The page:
Growing up, I had a general timeline in mind – a vision of what I assumed my life would look like as I aged and how I would feel over the course of the years. I imagined going to college, meeting life-long friends and making memories, working my dream job, falling in love with “The One,” and eventually having a family. I thought that this would all happen in an orderly manner, similar to the predictability of a Disney movie storyline.
As a teenager, I reasoned that an event would occur, such as going to college, which would effectively signal the start of my personal Disney storyline. I recall being in high school and seeing college kids who had returned home for the holidays. They seemed so much older and wiser. However, when I went off to college, I pretty much felt the same as I had in high school. Since college didn’t seem to be the event that triggered the start of my timeline, I suspected that graduation would signal the start of my Disney story. Again, I didn’t feel much difference having earned a bachelor’s degree and I certainly didn’t feel like I was following my timeline.
Shortly thereafter, I was reflecting on the numerous events that had taken place in my life that I had not envisioned as part of my timeline and I realized that while I was waiting for my storyline to begin, my life was already happening. My timeline had begun a long time ago, but I’d had difficulty recognizing this because my life wasn’t exactly how I’d envisioned it would be. With this new understanding, I was able let go of my preexisting timeline and I became much more accepting of the path that my life had taken. I had been so preoccupied by the milestones on my timeline that had yet to occur that I’d completely disregarded the events that had happened, such as going to college. Since I spent so much time waiting for my timeline to begin and a lot of time thinking about what hadn’t happened, I wasn’t focused on what was currently going on in my life. I’ve found that focusing on and staying present takes practice.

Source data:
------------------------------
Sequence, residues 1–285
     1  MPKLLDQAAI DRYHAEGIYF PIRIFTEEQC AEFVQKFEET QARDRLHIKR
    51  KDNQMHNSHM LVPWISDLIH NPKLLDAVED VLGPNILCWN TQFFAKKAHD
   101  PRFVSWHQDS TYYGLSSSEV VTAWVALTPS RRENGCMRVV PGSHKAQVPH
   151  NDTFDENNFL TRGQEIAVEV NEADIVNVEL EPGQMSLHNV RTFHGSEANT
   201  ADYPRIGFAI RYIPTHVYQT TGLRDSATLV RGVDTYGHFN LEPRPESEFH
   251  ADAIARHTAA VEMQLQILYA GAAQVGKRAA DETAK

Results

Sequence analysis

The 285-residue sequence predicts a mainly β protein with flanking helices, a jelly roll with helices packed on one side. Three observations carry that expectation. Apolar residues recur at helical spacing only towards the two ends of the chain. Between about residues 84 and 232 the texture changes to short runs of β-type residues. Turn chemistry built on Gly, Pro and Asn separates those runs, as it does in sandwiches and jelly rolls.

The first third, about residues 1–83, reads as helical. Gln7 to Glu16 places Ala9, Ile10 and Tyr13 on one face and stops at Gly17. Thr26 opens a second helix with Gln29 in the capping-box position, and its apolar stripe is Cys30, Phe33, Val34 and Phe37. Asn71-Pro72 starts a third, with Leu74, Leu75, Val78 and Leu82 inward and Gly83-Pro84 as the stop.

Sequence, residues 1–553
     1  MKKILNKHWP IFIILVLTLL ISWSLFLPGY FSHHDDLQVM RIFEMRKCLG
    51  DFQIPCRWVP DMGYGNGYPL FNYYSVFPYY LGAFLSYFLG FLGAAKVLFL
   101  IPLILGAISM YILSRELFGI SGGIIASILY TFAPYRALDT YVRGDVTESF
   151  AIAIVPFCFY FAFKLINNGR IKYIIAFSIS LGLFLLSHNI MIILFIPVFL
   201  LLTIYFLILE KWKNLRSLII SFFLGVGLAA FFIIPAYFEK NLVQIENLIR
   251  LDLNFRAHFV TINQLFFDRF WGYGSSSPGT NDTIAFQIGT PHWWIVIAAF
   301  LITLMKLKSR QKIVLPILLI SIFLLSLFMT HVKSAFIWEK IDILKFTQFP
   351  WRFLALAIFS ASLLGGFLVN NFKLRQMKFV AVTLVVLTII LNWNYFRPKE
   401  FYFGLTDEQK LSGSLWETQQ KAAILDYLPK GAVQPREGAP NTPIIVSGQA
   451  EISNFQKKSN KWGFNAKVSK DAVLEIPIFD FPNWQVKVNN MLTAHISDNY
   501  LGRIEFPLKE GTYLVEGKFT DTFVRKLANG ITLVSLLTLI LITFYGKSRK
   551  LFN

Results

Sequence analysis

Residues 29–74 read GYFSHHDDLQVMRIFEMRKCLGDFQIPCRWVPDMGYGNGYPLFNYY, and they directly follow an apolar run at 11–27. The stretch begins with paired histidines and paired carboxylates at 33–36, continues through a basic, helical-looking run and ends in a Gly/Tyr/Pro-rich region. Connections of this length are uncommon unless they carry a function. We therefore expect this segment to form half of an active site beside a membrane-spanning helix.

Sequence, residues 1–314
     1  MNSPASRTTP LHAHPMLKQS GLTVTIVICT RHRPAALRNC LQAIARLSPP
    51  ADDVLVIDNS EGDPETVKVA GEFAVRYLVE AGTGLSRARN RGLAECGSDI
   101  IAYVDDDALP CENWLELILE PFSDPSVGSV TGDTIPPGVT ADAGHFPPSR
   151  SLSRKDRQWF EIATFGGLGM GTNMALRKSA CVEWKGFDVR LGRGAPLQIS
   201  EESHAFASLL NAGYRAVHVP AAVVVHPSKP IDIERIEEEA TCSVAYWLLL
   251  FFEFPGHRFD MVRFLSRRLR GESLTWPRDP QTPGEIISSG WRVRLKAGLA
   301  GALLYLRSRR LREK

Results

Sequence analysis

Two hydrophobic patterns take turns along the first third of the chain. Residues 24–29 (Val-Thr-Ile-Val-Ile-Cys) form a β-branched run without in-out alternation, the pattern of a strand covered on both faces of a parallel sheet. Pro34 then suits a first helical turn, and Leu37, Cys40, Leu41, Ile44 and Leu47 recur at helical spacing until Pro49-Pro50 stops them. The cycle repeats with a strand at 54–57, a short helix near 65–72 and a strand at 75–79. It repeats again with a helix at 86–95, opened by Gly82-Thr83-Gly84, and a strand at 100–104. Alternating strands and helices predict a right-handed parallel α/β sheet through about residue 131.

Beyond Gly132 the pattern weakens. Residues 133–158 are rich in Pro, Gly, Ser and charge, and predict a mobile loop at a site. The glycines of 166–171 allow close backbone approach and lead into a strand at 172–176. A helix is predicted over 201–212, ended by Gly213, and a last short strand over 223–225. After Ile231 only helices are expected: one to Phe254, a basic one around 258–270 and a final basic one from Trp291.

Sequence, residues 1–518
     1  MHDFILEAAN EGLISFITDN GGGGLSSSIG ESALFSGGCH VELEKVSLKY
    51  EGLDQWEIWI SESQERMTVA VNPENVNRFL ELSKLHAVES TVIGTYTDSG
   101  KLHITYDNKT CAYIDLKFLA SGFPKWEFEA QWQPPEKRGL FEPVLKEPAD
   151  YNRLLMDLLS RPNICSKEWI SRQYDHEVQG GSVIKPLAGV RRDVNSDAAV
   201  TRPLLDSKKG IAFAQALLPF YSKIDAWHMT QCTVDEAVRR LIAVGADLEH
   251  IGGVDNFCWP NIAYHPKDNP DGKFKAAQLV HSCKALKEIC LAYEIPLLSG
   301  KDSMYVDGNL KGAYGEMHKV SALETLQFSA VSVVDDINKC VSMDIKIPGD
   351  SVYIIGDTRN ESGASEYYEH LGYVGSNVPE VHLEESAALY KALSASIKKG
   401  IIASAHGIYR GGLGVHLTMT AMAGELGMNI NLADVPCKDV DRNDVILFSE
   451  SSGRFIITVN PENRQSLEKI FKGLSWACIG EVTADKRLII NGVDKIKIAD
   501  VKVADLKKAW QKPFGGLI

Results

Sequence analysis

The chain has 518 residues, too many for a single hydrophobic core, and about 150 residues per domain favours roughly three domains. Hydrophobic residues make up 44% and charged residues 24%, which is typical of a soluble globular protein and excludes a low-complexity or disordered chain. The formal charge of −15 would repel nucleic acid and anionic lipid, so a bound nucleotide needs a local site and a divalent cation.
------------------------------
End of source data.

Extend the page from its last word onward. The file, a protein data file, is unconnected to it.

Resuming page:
With the beginning of a new year, I encourage you to reflect back on all that’s taken place during the prior twelve months. Note the twists and turns that veered far from the familiarity and safety of any preexisting timeline. Think about events that did not meet your expectations. Without judging yourself and your decisions, contemplate what you might have done differently. Then, let stressful incidents melt into your memory and appreciate each as a learning experience. Try, also, to let go of any preconceived notions for the New Year. Instead of dwelling on the past or waiting for the future, focus on appreciating where you are currently. This will allow for greater understanding and acceptance of where your unique path has brought you up to this very point in time.
Katherine Anson, MA, LPC